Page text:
How to Share Your Wedding Story
Just a few years ago, when the wedding was over you were left with a book of photos, a disc of digital images and a lot of lovely memories.
That’s nothing to complain about, of course, but these days, thanks to your social networks, countless wedding blogs and plentiful national and local bridal publications, you can showcase your special day to an audience well beyond your guest list. Whether you’d prefer to keep your wedding story – the beauty, the blunders and all your hard work! – all in the friends and family, or share it to the world, read on for a crash course in how to do it right.
If you simply want to show off your favorite pictures and, most importantly, wax poetic about the wedding details you found most interesting in your own voice, then social-media platforms like Facebook, Pinterest, YouTube, Tumblr and Twitter are an easy and efficient way to go. Just make sure you check in with your photographer first and get permission to do so, warns Sharon Naylor, author of more than 30 wedding books, including “The Bride’s Guide to Freebies: Enhancing Your Wedding Without Selling Out” (Lyons Press, 2012).
Yes, you hired your photographer to take pictures at your event, but depending on the photo package you purchase, the photographer may still own the copyright. “Different photographers have different rules, and you don’t want to get in legal trouble or receive angry requests to remove your posts,” Naylor says.
Another thing to keep in mind is that there are nasty people out there who take delight in posting insults or criticism on public websites, Naylor notes. Your choices are to ignore any less-than-glowing reviews, or, if possible, consider making your account or album private so that only select people can take a peek. This also prevents the etiquette mistake of jamming up your contacts’ feeds with tons of individually posted photos, Naylor says. Public or private, be considerate – some of your guests may prefer their image not be shared with anyone, especially if they were caught in an unflattering moment.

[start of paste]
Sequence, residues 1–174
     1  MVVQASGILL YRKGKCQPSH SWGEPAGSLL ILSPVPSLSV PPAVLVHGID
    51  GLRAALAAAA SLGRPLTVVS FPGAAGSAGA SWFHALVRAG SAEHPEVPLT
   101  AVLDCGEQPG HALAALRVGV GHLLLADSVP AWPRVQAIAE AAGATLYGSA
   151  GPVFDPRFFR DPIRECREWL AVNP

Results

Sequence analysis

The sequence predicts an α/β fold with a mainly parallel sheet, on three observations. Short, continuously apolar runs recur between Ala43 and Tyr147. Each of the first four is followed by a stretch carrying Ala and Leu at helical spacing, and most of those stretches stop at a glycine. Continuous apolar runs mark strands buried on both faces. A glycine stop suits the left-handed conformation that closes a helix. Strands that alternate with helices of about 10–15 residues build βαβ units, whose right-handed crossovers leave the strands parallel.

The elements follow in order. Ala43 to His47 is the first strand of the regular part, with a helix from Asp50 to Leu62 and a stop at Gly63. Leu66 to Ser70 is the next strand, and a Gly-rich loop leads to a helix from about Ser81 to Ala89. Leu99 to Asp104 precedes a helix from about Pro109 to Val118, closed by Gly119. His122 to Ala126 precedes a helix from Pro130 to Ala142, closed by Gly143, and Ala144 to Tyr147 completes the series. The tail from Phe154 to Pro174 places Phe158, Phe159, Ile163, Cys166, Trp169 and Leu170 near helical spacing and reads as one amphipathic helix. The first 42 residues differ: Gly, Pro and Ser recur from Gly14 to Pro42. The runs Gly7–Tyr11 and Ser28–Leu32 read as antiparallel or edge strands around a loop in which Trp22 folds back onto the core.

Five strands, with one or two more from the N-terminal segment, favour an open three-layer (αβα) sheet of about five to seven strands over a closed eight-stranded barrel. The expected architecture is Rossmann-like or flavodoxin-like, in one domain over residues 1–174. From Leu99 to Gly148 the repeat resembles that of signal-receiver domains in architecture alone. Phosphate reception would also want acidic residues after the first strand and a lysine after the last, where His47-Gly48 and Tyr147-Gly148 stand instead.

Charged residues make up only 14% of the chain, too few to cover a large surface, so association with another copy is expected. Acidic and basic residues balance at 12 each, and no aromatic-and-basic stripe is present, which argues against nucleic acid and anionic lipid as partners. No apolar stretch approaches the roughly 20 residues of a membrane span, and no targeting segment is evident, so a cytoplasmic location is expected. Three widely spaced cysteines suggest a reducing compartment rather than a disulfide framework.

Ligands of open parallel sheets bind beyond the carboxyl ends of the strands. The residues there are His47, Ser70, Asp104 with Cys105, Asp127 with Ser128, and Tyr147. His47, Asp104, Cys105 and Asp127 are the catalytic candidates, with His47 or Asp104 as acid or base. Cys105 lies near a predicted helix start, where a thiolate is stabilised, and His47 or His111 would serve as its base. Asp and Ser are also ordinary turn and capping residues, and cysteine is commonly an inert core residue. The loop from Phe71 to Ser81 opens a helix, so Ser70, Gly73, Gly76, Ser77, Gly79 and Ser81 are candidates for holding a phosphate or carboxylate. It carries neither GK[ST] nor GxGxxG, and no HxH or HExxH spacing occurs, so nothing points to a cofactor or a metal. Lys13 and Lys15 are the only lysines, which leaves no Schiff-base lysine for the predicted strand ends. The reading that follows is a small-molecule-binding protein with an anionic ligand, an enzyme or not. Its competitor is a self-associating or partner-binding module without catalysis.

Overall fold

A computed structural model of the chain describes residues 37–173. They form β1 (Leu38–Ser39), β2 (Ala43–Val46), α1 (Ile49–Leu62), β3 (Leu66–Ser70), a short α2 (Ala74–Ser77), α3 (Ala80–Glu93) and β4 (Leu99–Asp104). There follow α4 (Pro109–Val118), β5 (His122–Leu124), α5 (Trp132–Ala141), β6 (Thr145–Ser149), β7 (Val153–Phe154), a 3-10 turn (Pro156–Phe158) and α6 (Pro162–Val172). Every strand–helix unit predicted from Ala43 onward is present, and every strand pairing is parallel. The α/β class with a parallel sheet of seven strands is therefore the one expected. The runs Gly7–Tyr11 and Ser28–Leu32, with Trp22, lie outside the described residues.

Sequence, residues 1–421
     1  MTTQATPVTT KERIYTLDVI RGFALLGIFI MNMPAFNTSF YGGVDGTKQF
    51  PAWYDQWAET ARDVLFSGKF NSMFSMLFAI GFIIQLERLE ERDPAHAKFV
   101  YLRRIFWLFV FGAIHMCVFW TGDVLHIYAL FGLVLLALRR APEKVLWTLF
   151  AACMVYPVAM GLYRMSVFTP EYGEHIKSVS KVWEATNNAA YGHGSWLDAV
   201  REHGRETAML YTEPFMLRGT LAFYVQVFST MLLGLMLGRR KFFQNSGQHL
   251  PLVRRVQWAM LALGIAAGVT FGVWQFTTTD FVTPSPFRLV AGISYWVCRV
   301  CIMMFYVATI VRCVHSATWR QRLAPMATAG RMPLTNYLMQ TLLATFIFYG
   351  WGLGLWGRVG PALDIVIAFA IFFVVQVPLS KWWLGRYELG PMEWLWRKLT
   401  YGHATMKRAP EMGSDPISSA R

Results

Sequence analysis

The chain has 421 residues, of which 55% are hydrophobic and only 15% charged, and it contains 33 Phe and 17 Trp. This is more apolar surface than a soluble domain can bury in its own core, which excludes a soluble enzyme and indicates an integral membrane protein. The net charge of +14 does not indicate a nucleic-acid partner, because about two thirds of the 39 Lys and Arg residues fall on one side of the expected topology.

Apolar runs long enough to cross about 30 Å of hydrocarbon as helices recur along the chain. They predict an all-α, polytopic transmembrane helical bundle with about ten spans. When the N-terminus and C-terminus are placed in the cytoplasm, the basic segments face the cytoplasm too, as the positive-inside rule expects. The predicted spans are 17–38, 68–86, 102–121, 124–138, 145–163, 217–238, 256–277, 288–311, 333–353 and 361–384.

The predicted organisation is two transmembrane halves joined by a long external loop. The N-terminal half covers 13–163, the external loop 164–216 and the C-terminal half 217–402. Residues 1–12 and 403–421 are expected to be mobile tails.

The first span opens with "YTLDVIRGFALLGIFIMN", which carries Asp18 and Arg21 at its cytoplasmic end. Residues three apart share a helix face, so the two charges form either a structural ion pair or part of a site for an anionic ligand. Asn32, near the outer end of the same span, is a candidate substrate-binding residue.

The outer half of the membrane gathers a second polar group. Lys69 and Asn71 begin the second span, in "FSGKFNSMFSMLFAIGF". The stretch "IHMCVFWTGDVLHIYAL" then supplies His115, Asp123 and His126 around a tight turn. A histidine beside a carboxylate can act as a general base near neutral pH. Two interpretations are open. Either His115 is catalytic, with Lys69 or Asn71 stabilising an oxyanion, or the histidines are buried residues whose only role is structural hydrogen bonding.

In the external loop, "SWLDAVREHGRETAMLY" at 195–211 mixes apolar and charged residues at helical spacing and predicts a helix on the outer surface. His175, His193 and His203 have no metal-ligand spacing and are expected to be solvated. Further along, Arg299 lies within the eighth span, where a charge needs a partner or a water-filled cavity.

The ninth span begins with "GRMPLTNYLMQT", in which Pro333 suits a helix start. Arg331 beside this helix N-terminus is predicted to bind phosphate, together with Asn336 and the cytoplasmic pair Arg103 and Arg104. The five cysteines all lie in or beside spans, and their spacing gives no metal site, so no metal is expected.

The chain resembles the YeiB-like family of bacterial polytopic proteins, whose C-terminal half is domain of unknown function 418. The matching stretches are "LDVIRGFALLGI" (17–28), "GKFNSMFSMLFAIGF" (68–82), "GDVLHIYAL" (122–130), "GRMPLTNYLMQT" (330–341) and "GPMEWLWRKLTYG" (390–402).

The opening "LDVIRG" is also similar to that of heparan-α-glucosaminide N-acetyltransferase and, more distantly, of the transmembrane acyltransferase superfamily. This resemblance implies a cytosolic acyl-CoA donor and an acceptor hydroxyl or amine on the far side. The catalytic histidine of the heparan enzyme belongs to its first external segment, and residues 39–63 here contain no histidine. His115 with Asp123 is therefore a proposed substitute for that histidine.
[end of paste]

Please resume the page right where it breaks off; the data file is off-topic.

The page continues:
The Wedding Marketplace
Looking to showcase your wedding in a prettier package? You can submit to the “real weddings” sections in your local bridal magazine, national publications like Brides magazine or Martha Stewart Weddings or numerous wedding style blogs like Style Me Pretty, Green Wedding Shoes, 100 Layer Cake, Snippet & Ink and more. An issue of the magazine or PDF file of the post makes a lovely keepsake, and let’s face it – it feels good to know other people thought your wedding was as special as you did.
That said, not every wedding can be chosen. Most outlets will provide instructions for the kinds of wedding submissions they want. A great resources is an SMP Backstage post called “Getting Your Wedding Out of the Slush Pile,” by Abby Larson, founder of the Style Me Pretty blog and author of “Style Me Pretty Weddings: Inspiration and Ideas for an Unforgettable Celebration” (Clarkson Potter, 2012). It’s a must-read when you consider the fact that Style Me Pretty gets hundreds of submissions per week. “That’s a lot of pretty to go through!” Larson says. “If we could find one word that really encompasses what we look for in a submission, it would be ‘refinement.’ Not in the traditional sense of the word, though. What we mean is a cohesive style and edited, clean photography … We love to feature wedding styles of all shapes and sizes, but a perfect submission is one that tells a story through simple, well-executed photographs and details.”
Ryan Wilcox, who operates You Look Nice Today Photography in Portland, Ore., has shot weddings that have been featured in more than a half-dozen blogs and magazines. He says three things stick out about the publish-worthy weddings he’s photographed: unique personal touches in the details, gorgeous settings that match the tone of the wedding, and, finally, the moments.
“This is fairly hard to plan but with the right photographer knowing where to be when a photo can go from a snapshot to telling a complete story, which is something the editors look for,” Wilcox says. “There needs to be a handful of those moments included when submitting a wedding.”